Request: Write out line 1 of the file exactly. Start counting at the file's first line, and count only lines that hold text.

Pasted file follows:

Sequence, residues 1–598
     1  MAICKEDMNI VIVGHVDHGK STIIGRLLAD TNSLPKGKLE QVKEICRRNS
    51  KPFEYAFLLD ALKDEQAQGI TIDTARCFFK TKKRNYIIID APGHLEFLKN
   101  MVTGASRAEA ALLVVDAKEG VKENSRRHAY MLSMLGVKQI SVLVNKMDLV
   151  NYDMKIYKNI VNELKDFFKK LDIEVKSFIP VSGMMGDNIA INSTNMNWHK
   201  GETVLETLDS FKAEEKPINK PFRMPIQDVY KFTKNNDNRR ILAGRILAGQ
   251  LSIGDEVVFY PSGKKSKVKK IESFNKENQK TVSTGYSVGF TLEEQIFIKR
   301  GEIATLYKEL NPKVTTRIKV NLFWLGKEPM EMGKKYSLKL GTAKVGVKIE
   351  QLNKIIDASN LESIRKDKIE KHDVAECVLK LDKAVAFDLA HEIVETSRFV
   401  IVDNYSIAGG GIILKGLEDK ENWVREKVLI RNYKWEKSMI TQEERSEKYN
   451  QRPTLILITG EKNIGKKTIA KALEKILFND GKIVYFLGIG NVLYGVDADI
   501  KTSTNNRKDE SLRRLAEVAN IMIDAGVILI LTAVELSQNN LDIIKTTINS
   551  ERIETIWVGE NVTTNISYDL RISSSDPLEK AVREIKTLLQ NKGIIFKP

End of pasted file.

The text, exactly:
Sequence, residues 1–598